Are you maximizing your COLI plan results?
By Ken Godfrey
Life Insurance Financial Evaluations, LLC
Many corporations and financial institutions purchase corporate owned life insurance or bank owned life insurance to informally fund nonqualified benefit plans and offset the cost of providing these benefits. These life insurance portfolios can consist of just a few policies or hundreds of policies and are often referred to as multi-life cases.
The total premiums paid over the life of a COLI plan can easily reach tens of millions of dollars, and therefore ongoing policy service should not be taken lightly.
The design of these multi-life policies is often done on an aggregate funding basis. Aggregate funding means the life insurance policies are viewed as a group and premiums are distributed across the portfolio on a pro rata basis. The policies are designed based on an estimated premium schedule over the life of the policy and corresponding level of death benefit. The reasons given for using aggregate funding include obtaining guaranteed issue underwriting and simplifying policy service.
Aggregate funding is a beneficial way to design and issue a portfolio of life insurance policies. However, a potential pitfall of aggregate funding is some brokers oversimplify the policy service and manage the policies on a pre-determined basis. Particularly for COLI plans, this creates an environment where the policy performance can easily veer off course.
Future premium expectations may be very different than originally expected and are often dependent upon uncertainties such as benefit plan results, employee participation and participant turnover. In addition, for some COLI investment plans, the policy account values are allocated based on participant elections and/or designed to access the policy account values to provide cash to make future benefit payments.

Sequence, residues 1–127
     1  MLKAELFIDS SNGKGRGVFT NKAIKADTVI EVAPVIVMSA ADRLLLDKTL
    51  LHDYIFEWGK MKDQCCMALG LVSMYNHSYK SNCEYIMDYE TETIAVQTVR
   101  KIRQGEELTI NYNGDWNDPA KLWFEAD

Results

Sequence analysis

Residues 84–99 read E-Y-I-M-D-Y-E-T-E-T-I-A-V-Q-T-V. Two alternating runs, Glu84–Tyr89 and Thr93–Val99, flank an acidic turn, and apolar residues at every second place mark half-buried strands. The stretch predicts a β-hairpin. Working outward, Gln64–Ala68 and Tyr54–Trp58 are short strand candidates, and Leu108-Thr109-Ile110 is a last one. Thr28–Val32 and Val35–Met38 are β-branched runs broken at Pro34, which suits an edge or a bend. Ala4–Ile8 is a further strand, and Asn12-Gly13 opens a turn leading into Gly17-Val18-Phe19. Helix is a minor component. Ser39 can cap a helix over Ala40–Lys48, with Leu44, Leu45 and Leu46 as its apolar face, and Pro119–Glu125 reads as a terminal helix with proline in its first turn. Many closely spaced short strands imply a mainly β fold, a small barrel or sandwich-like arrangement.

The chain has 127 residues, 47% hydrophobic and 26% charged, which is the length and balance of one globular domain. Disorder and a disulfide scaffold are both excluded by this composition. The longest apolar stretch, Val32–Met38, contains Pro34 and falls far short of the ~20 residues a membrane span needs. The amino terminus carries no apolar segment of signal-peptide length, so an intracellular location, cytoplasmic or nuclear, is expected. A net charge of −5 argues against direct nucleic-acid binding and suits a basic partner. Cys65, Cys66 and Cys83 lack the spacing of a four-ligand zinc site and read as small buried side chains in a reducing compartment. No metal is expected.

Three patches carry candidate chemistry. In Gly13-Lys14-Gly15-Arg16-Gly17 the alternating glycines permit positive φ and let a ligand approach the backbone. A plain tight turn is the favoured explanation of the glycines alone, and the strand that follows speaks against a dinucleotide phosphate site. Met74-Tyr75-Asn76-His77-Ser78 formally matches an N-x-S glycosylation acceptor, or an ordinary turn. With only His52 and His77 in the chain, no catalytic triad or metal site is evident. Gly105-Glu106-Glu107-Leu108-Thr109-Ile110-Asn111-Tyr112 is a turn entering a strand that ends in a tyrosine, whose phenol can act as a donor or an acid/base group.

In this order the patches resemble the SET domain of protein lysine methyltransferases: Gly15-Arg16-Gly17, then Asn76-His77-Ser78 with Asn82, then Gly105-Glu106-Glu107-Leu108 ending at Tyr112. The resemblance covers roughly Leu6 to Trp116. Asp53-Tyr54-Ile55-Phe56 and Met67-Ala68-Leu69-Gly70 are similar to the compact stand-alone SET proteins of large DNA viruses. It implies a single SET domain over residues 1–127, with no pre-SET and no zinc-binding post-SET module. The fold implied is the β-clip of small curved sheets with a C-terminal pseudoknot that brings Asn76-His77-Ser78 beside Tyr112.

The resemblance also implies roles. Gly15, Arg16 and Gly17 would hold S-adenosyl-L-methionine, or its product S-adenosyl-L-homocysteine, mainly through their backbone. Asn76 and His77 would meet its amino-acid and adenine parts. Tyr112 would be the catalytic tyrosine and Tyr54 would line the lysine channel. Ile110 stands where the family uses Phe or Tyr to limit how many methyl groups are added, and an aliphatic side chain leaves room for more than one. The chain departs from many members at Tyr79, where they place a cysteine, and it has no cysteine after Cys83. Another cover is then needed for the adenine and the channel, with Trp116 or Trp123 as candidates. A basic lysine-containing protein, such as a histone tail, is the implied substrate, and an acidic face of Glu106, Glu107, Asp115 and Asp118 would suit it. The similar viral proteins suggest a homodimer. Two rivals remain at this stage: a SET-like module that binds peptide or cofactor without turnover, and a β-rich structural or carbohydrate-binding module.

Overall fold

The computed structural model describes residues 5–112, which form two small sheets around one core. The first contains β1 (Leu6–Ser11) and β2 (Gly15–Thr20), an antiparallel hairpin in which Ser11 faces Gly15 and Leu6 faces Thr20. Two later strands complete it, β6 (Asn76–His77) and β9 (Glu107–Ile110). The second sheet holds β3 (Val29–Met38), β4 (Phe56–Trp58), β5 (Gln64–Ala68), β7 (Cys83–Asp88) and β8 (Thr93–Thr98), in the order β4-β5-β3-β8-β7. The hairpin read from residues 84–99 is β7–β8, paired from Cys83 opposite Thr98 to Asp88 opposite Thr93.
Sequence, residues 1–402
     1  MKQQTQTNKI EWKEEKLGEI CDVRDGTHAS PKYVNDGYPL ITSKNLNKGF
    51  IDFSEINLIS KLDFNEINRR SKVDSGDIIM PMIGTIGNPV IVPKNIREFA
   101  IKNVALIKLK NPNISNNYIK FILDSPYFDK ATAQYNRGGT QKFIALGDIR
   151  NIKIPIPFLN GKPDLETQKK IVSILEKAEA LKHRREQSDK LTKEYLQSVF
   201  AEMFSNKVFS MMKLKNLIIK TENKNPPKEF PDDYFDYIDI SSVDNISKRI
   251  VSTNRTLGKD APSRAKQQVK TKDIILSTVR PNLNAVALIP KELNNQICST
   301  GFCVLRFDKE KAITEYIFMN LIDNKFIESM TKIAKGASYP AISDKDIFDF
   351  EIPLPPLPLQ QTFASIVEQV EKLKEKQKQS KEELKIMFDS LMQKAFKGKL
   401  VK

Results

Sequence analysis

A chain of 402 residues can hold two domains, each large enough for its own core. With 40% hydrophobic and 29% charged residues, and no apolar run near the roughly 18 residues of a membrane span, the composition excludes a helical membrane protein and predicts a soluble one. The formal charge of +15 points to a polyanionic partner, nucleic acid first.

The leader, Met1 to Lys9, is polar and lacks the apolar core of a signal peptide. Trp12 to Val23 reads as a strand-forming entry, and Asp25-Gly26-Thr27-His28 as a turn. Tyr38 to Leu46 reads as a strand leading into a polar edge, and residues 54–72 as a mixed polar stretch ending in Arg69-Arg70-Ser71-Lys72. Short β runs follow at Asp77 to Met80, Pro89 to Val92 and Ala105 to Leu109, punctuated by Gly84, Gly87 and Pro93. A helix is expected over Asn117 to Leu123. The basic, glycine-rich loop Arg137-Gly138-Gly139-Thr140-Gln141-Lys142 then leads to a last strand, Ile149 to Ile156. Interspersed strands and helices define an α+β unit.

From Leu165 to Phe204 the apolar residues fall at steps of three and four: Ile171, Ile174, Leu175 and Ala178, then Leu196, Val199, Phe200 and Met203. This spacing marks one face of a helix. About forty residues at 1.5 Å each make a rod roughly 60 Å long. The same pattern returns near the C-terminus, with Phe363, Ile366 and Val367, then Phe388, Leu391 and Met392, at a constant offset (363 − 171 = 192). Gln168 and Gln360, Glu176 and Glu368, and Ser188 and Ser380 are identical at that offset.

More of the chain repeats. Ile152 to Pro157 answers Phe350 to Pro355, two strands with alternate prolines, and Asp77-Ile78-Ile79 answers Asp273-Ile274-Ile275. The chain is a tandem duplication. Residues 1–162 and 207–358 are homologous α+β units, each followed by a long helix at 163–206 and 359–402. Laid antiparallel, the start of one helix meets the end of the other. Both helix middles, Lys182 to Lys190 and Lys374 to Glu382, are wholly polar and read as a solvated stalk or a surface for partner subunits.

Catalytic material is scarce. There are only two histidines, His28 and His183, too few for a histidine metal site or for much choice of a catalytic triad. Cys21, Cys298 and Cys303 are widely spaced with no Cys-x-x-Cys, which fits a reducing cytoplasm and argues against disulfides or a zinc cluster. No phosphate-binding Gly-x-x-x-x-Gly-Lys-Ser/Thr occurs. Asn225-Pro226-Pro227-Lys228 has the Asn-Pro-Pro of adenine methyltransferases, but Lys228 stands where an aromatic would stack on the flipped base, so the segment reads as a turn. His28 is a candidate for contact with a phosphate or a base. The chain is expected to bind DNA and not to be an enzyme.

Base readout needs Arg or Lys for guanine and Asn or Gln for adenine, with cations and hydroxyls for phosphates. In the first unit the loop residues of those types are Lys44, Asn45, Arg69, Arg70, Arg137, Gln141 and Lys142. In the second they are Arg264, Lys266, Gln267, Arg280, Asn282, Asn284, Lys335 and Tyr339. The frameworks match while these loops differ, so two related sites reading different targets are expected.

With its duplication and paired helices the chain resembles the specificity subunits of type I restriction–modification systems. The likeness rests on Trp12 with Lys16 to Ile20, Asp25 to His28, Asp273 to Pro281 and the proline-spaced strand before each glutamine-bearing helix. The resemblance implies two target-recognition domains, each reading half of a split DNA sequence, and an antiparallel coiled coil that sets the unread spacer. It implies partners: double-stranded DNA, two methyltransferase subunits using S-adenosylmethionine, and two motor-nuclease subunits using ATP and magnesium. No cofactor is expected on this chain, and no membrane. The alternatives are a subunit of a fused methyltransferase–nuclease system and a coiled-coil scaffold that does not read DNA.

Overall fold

Since the life insurance performance is so dependent on the benefit plan results, it is vital to determine which policies are not performing as well as others and make adjustments accordingly. Therefore, policy service for multi-life cases is not as simple as running a composite illustration showing the results based on a mortality assumption for each insured (e.g., age 85) and allocating future premiums pro rata.
During periodic plan reviews, the policies should be analyzed based on several iterations of hypothetical results. These iterations should include running the inforce life insurance illustrations based on various interest crediting rates and future premium levels.
Each iteration should include a hypothetical performance summary of each insurance policy at various mortality ages such as age 80, 90, and 100. The primary purposes of the analysis are to:
1) verify there are no policies projected to lapse prior to maturity,
2) develop a rationale to efficiently allocate future premiums payments (and withdrawals/loans from cash values for benefit payments) to enhance the overall portfolio return, and
3) highlight the sensitivity of various assumptions on expected plan results.